God knows we’ve been singing their praises enough since we first heard Yes Guess last spring. But in case you’re not familiar with Anushka, they kindly answered a few questions in the wake of their debut EP being released this week. As far as we can find, it’s their first ever online interview so should include everything you need to become well-acquainted with a duo that are going to be very hot in 2013.
Yes Guess EP is out now and can be bought on Brownswood’s Bandcamp or all good online retailers.
Can you give a little introduction to Anushka.
V: Anushka is a duo from Brighton, comprising of me, Victoria Port, singer, and Max Wheeler, producer. Max brings wit and charm and I bring big hair?
M: The way we work overlaps a bit more than a traditional singer/producer set up. Anushka’s name comes from a character in a song we wrote together, we just loved saying the name and thought if we loved saying it other people might too. The sound is basically the result of our different obsessions with Detroit producers, Soul songwriting, drum programming, raves, all blending together. I think we have been genuinely experimenting all the way along, but the idea has been to make vocal music for sound systems.
We jumped on your first track Yes Guess when it was first aired last May. What was the story that led up to that with you two? What brought you together to make music?
V: Brighton is its on little bubble, especially the music scene. We have a lot of mutual friends who make music and Max spotted me singing at a night called W.A.T. I made him some cake, he sent me some beats and the first track we actually worked on together was Yes Guess. It really jumped out at me. I’d never really written to anything like that before but it just worked. We both had it on repeat for about a week and needed the next Anushka fix!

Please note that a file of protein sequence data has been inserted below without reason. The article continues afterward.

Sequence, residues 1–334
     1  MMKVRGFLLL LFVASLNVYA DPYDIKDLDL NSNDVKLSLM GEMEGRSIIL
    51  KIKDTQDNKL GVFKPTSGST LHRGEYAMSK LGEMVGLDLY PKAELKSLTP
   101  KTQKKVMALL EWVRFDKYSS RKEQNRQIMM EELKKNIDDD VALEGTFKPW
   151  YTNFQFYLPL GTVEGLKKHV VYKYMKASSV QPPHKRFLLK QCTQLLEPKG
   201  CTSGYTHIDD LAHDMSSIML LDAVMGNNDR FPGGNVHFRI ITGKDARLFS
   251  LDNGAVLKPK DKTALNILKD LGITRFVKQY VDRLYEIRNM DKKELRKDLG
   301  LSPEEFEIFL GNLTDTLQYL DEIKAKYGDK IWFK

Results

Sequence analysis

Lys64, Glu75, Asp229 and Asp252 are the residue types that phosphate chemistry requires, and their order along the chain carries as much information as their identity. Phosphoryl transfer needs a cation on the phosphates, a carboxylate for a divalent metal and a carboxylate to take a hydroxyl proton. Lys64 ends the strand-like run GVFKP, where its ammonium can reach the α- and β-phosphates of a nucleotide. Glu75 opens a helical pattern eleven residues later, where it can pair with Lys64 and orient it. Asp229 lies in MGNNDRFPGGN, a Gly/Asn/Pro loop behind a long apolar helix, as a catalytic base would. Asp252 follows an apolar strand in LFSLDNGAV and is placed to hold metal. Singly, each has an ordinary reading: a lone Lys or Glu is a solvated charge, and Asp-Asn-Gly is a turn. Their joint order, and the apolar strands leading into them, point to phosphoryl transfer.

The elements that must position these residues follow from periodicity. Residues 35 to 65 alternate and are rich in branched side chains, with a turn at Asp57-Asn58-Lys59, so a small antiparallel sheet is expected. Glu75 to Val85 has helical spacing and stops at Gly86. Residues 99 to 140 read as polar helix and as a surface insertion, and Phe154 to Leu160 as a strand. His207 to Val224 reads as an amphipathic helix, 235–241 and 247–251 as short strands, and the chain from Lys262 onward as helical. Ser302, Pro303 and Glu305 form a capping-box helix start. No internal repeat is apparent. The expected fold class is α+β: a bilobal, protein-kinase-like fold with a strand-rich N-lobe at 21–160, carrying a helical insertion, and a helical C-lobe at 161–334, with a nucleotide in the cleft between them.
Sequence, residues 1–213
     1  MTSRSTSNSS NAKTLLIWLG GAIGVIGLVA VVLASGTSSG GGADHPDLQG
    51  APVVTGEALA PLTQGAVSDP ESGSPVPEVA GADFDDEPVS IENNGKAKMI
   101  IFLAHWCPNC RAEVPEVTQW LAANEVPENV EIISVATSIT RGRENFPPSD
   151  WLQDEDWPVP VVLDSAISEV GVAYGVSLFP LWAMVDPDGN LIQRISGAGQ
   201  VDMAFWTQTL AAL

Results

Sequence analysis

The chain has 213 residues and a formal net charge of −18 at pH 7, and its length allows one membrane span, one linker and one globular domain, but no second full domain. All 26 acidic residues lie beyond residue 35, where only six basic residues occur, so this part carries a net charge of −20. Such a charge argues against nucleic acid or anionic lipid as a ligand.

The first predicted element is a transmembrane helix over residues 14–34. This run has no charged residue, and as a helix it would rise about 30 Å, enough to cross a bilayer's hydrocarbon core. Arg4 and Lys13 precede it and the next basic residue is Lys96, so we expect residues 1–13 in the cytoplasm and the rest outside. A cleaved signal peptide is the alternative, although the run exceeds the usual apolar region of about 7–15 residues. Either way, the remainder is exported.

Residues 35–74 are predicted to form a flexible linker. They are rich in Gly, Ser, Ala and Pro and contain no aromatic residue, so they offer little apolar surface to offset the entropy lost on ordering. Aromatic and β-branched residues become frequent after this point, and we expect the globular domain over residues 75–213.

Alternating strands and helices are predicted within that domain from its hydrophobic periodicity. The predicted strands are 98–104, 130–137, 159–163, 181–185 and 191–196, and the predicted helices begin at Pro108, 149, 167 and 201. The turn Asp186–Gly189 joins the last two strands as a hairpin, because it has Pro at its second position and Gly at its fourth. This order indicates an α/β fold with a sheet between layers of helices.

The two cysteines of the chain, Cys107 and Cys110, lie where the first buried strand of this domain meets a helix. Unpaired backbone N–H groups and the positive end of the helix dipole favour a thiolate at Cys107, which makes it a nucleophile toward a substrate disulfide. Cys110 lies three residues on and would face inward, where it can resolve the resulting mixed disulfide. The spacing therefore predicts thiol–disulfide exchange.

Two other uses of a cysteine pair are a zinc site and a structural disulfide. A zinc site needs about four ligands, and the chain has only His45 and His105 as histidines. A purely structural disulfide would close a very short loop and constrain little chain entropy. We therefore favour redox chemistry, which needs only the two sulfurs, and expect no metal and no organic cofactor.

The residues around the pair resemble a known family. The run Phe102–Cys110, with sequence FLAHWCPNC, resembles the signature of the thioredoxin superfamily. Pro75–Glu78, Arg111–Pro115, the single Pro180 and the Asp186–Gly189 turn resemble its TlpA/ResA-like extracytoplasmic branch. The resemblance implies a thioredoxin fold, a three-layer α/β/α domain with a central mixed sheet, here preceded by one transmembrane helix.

M: I think that was the spark. I gave Victoria a few instrumentals and as the music I‘d heard her on before had been much less aggressive I never really expected her to pick that track. I just stuck it in cos it was my latest one. When she came back with the song fully written like a day later I was like ‘pow’ this is gonna work!
And can you fill in the gaps between then and the release of Yes Guess EP?
M: Well we were very luck in finding management really quickly. That helped us to develop the sound and not just rush it out. Once we had that track the rest of the EP was written fairly quickly. We both just have a real drive to get a new tune finished as often as possible to keep everyone gassed. Hahaha. We spoke to quite a few labels, did a lot of raves in London and just worked on the sound really. It’s been great because we had some strong tracks fairly early on and it gave us a lot of confidence to work on our writing process and experimenting with the newer material. I think we really pushed each other. I know Victoria has totally made me step my game up. Hahaha.
Signing to Gilles Peterson’s Brownswood must’ve been a big step. How did that come about and do you get to work with Gilles much?
V: Giles is so well respected it was kind of the affirmation I needed that we were on the right track with it all. He knows good music irrespective of genre and when we see him its always really encouraging. He knows what works!
M: We had a good road trip with him to Brum recently. Shout out to Gilles, I think he shares the same desire to keep pushing things forward musically that we have. I really rate the music that Brownswood have put out and I think that is important too. From straight Jazz to really early releases with people like Joy Orbison, Mosca, Eliphino. I just think because our project spans from quite futuristic Electronic material to big, classic sounding songs they are a good fit. They can handle our diversity.
You recently came back from Gilles’ Worldwide Festival in Leysin. What was it like playing at a festival in the snow?